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Publication numberUS5697322 A
Publication typeGrant
Application numberUS 08/593,578
Publication dateDec 16, 1997
Filing dateJan 30, 1996
Priority dateJan 30, 1996
Fee statusLapsed
Also published asWO1997028424A1
Publication number08593578, 593578, US 5697322 A, US 5697322A, US-A-5697322, US5697322 A, US5697322A
InventorsWilliam E. Hay, Douglas B. Olson, Stephen F. Hamann, William C. Sherbrooke
Original AssigneeDurel Corporation
Export CitationBiBTeX, EndNote, RefMan
External Links: USPTO, USPTO Assignment, Espacenet
Analog display having electroluminescent pointer
US 5697322 A
Abstract
An analog display includes a dial and a movable EL pointer positioned adjacent the dial for indicating a measured value. The pointer is an elongated EL lamp having a conductive pin extending through one end of the lamp and about which the lamp pivots. The pin is mechanically secured to the lamp and is electrically connected to the front electrode of the lamp. A hole larger than cross-sectional diameter of the pin is formed in the rear electrode and in the phosphor layer to prevent the pin from shorting the front electrode to the rear electrode. A conductive spring rests on the pin to provide electrical power to the front electrode. Power is supplied to the rear electrode either through a conductive ferrule attached to the rear electrode or through a resilient wiper. The wiper can be attached to the pointer or to the face of the dial. For plural pointers, concentric conductive pins are used with a sliding contact for the rear electrodes.
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Claims(16)
What is claimed is:
1. An analog display having a dial and a movable pointer positioned adjacent said dial for indicating a measured value, wherein said pointer comprises:
(a) an elongated EL lamp having a first end and a second end, said lamp including as consecutive layers
(i) a transparent substrate;
(ii) a transparent, front electrode;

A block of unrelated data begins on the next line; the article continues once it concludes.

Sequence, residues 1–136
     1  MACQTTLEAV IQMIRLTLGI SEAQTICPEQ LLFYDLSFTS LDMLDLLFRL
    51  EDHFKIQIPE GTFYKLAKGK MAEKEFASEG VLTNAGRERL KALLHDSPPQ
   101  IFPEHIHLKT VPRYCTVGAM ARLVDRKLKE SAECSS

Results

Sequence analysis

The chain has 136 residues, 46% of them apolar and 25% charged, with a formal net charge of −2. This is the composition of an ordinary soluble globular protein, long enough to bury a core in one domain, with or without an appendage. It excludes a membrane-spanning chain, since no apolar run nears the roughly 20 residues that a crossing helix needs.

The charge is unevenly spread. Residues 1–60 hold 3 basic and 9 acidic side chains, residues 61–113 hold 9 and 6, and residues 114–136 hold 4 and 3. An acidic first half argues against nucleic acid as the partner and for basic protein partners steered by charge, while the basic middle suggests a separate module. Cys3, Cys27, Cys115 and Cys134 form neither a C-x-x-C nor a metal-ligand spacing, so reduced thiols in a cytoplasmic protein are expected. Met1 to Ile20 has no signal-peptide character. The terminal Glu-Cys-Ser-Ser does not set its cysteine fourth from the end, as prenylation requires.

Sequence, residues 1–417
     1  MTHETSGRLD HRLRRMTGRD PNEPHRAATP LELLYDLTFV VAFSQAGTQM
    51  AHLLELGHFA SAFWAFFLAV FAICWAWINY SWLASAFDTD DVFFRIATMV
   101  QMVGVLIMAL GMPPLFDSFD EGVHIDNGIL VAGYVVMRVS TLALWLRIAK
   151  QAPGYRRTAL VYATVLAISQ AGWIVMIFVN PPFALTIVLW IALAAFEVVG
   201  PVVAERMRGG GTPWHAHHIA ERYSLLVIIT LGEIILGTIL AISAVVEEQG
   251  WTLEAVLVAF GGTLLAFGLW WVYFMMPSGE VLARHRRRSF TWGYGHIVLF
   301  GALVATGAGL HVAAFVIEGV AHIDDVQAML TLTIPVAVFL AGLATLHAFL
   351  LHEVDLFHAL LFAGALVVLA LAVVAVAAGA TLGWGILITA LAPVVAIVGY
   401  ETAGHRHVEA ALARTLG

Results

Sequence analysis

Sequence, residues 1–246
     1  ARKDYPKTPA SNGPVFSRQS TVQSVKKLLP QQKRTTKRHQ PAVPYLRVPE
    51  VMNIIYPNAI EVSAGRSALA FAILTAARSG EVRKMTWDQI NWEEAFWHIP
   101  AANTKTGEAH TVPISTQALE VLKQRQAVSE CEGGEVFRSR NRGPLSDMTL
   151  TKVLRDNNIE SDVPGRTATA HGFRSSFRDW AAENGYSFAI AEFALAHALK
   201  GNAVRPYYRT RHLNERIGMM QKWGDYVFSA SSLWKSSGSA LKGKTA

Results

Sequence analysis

(iii) an electroluminescent layer; and
(iv) a rear electrode;
(b) a first conductive pin extending through said lamp near said first end and through said dial;
(c) means for making contact with said rear electrode;
(d) wherein said first conductive pin is electrically connected to said front electrode;
(e) wherein said electroluminescent layer and said rear electrode including a hole larger than said first conductive pin to prevent said first conductive pin from shorting said front electrode to said rear electrode; and
(f) wherein said lamp pivots with said first conductive pin for indicating said measured value.
2. The analog display as set forth in claim 1 and further comprising a second movable pointer including a second elongated EL lamp and a second conductive pin extending through a first end of said second elongated EL lamp, wherein said second conductive pin is concentric with said first conductive pin.
3. The analog display as set forth in claim 2 wherein said second conductive pin is electrically connected to the front electrode of said second elongated EL lamp.
4. The analog display as set forth in claim 1 and further comprising a conductive spring in sliding contact with said first conductive pin for coupling electrical power to said front electrode.
5. The analog display as set forth in claim 1 wherein said means Comprises:
a cylindrical, conductive ferrule having an axis approximately parallel with said first conductive pin, said ferrule in contact with said rear electrode and enclosing said hole.
6. The analog display as set forth in claim 5 and further comprising insulating material in said hole and in said ferrule for electrically isolating said ferrule from said first conductive pin and for supporting said first conductive pin within said ferrule.
7. The analog display as set forth in claim 6 wherein said insulating material is epoxy resin.
8. The analog display as set forth in claim 5 wherein said ferrule is flared at one end thereof and said one end is in electrical contact with said rear electrode.
9. The analog display as set forth in claim 5 and further comprising a conductive metal layer on said rear electrode between said rear electrode and said ferrule, said metal layer increasing the contact area between said rear electrode and said ferrule.
10. The analog display as set forth in claim 9 wherein said conductive metal layer is in the shape of an annulus surrounding said hole.
11. The analog display as set forth in claim 5 and further comprising a conductive spring in sliding contact with said ferrule for coupling electrical power to said rear electrode.
12. The analog display as set forth in claim 4 wherein said means comprises:
a conductive metal layer on said rear electrode;